I remember going to Springfield for a few days at Christmas time that December of l956, and finding that Russel had not paid the December rent on the house on Stanford where Bess and Patti lived. I wrote a check and then reached Russel on the phone to raise hell with him over his behavior. The next day he sent a check for enough money to pay two months rent, utilities, and food. That following spring I had to borrow five-hundred dollars from Cousin Jean and Howard Fretwell, in order to pay for extensive dental work for both Patti and Bess, as well as for some clothes and other necessities both of them badly needed.

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It was not until my older sister Peggy arrived in Springfield in May of l957 to take a position as Director of Nursing Education at a local hospital that Bess and Patti could relax and free themselves from nine months of horrible stresses and anxieties. Peggy had finished her nursing degree in l955 at about the time I went to Northwestern, and had then moved to Toledo, Ohio, with her married friend, Ruth Price, her husband, George, and their two daughters. Don't ask, because I haven't the faintest idea why the arrangement. All I know is that George slept alone. Peggy and Ruth slept together, and the two daughters slept in a third bedroom. And everyone accepted the arrangement.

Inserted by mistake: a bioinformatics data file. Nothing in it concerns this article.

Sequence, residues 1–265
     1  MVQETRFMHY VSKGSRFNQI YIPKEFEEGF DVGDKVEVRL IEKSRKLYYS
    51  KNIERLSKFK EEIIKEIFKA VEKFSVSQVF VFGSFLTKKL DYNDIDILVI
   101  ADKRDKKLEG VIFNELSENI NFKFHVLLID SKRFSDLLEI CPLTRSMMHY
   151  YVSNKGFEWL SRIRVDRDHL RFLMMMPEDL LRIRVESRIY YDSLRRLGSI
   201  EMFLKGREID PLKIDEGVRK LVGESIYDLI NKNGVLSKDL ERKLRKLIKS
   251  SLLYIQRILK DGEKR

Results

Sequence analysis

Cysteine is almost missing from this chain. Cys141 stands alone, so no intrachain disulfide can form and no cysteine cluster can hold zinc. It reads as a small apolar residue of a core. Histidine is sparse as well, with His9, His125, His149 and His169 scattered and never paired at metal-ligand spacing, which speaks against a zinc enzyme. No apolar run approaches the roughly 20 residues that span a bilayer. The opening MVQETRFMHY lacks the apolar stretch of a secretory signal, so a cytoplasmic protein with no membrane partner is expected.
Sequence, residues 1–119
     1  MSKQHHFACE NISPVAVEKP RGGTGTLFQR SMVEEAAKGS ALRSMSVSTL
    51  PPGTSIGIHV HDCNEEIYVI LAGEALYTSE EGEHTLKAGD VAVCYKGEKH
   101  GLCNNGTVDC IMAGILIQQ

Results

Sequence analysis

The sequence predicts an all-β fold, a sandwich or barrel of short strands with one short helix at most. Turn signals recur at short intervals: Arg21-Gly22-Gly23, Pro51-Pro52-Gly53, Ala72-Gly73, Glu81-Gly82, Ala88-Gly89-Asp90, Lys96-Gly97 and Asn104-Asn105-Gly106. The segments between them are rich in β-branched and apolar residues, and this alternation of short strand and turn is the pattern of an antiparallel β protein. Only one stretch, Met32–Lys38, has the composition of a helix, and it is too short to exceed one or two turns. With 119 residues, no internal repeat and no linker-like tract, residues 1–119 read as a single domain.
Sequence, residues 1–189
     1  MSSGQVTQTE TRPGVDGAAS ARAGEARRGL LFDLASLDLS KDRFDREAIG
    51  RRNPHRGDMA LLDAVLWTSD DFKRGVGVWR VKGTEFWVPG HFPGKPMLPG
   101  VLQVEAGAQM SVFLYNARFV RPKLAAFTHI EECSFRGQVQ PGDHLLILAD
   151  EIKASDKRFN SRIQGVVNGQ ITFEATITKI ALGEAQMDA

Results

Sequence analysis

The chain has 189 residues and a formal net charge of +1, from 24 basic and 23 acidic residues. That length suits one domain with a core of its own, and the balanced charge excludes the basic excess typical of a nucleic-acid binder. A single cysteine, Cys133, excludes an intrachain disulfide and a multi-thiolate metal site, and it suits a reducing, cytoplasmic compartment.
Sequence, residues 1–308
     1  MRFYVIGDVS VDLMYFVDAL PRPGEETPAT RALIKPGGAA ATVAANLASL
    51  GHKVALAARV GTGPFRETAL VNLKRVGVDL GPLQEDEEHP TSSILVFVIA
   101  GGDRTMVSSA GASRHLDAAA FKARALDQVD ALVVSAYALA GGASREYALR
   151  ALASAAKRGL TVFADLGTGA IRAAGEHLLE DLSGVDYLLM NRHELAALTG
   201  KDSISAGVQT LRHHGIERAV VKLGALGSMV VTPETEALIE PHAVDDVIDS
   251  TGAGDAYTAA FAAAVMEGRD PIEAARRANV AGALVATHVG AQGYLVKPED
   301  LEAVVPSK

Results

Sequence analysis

The summer of l960 was, fortunately, nothing like I had feared it might be. Bess, at long last not having to worry about the misbehaviors of her husband, was incredibly relaxed and pleasant the entire eight weeks of my visit. Peggy and Shirley, and Patti, were strangely charming, hospitable, generous and likewise pleasant. We had a lot of parties and picnics. All of us got along very well, surprisingly so.

My younger sister, Patti, had just signed a contract to teach her first year out of college at Jarrett Junior High School in Springfield. She was broke and desperately needed transportation. I gave her my 90,000 mile trustworthy old Buick, "Wiloughby," which I did not want to drive back to California anyway, and arranged with Gloria and Tom to drive back with them to San Francisco.

That summer of '62 Bob and Molly devoted almost a week to my mother, Bess, and my two sisters, Peggy and Patti, when they came to San Francisco to visit. They took them to dinner. Molly took them on sightseeing and shopping tours, and showed them the North Beach night scene. My family fell in love with both of them, and I deeply appreciated their concern and warmth.

All of us saw Phyllis Diller at the Purple Onion; we sang along at the Red Garter and, at my insistence, all of us listened to an evening of the touring Thelonious Monk ("Straight No Chaser").